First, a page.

Pressure Canning Potato Soup

I love growing my own potatoes. This is my second year doing it, and it is fairly easy to do (except for digging them up). And they are guaranteed organic!

We had a fairly good potato harvest this year, but I saw last year that they did not cellar that well. They last a fairly long time, and have kept from June/July to October. But around this time, they start to root and will soon be inedible. Rather than rush to roast and eat them, or lose them, I decided I would make soup and pressure can them. I had an epiphany on food storage that I described in my previous post – pressure canning is a great tool for preservation! And I now feel very confident in my technique – think that is the key.

I did some research on whether sprouting potatoes are still good to eat, and found that the roots can be poisonous. If still firm and not shriveled, the potatoes are fine to eat – just cut off the roots! I decided to try this recipe and see how it went.

Below is what is left of my bag of Red Norland potatoes, about 20 pounds. These potatoes are so delicious and creamy! Most were still ok to use for my soup.


And here they are, all washed and scrubbed with roots removed.


Cutting into them showed me they are still white and creamy.


I decided to try 15 pounds of potatoes, at triple the recipe. I used 9 strips of bacon, 2 onions, 9 cloves of garlic, 4 teaspoons of Emeril’s Essence (it just adds great flavor) and 3 quarts of chicken stock. I actually had to add another quart, and that was just perfect. The recipe called for 3 cups (or 2.25 quarts for triple) or more – it definitely needed more!


This was probably the smoothest canning experience yet, probably because I have the system down. I cooked the bacon until crispy, added the onion, garlic and spice, sautéed for a few minutes, then added the stock and potatoes. I seasoned with salt and pepper just lightly. I didn’t want to over season, and thought that can be adjusted when eaten. While the potatoes came to a boil, I prepped the canner and lids and it was ready exactly when the soup was done!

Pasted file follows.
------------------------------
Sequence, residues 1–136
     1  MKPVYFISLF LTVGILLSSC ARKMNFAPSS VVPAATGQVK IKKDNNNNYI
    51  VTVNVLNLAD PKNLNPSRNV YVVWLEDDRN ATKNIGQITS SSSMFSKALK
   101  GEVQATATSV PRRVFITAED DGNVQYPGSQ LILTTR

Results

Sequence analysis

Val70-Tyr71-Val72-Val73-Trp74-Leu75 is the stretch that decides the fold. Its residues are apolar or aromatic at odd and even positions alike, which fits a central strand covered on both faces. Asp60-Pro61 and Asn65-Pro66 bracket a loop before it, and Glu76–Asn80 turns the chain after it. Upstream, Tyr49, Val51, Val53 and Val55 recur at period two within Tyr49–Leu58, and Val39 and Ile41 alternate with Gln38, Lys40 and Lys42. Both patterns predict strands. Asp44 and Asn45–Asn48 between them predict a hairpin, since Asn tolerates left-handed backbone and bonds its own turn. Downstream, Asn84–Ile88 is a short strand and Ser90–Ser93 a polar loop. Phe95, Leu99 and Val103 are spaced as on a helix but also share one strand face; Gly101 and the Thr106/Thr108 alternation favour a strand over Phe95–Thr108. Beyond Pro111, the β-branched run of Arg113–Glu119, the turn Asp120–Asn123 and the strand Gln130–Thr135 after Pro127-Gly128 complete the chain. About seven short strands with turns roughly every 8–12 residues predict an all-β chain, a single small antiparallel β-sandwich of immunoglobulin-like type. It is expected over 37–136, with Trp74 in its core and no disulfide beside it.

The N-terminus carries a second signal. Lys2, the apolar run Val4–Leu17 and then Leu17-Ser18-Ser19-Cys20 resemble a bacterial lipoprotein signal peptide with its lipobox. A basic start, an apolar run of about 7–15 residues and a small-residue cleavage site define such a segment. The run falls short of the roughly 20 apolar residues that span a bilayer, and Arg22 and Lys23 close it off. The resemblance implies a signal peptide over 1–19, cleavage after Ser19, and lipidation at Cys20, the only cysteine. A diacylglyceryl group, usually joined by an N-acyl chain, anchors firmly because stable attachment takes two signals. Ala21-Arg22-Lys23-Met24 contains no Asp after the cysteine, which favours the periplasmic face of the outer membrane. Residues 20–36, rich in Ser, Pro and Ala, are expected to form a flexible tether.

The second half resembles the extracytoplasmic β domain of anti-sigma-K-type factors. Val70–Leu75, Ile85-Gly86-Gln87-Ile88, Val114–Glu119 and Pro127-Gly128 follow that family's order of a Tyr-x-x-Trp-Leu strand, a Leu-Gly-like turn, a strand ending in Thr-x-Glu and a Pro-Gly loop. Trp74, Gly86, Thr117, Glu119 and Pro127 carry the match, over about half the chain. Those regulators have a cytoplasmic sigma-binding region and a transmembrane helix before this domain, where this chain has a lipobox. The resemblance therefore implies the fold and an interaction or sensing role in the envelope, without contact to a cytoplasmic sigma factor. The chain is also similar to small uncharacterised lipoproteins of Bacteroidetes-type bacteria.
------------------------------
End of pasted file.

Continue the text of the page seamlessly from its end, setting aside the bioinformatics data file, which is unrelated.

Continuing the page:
I ladled the potatoes into the hot jars and left about 1.5 inch of head space, just to be safe. It actually looks less like soup and more like canned potatoes, but I think that will be fine. When we eat it, we can either mash or puree a part or the whole jar. Or just eat as is, with some cheddar cheese on top. The flavor is still there and it is delicious! All in all, I was able to can 12 quart jars, with a little leftover to munch on.


So, again this is a big step in moving forward in preserving as much out of the garden. This also provides a ready-made meal for when we are wiped out and our five kids are hungry!

Thanks for stopping by!


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